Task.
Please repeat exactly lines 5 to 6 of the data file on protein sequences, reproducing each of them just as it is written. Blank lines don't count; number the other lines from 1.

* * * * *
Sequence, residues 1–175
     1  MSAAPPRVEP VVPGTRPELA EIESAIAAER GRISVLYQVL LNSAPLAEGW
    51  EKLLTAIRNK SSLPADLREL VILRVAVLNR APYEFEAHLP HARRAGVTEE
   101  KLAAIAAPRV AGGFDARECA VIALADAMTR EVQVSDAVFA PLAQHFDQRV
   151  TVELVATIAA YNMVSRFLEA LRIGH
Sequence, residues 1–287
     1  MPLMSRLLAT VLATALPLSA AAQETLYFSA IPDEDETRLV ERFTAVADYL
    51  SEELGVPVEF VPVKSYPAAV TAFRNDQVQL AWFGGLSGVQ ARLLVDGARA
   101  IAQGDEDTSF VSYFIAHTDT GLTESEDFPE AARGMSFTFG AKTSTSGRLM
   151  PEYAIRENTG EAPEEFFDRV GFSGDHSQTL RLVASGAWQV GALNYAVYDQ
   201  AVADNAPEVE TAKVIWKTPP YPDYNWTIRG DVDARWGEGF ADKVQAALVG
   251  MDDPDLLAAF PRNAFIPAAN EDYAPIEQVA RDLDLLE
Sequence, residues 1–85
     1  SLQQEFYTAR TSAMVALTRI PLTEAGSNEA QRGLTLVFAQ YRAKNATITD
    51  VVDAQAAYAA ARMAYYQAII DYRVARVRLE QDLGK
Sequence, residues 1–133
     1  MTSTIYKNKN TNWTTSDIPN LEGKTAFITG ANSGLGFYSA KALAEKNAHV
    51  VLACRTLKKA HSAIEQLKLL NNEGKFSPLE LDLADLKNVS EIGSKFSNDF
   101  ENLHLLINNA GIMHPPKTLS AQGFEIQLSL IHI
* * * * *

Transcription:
   151  TVELVATIAA YNMVSRFLEA LRIGH
Sequence, residues 1–287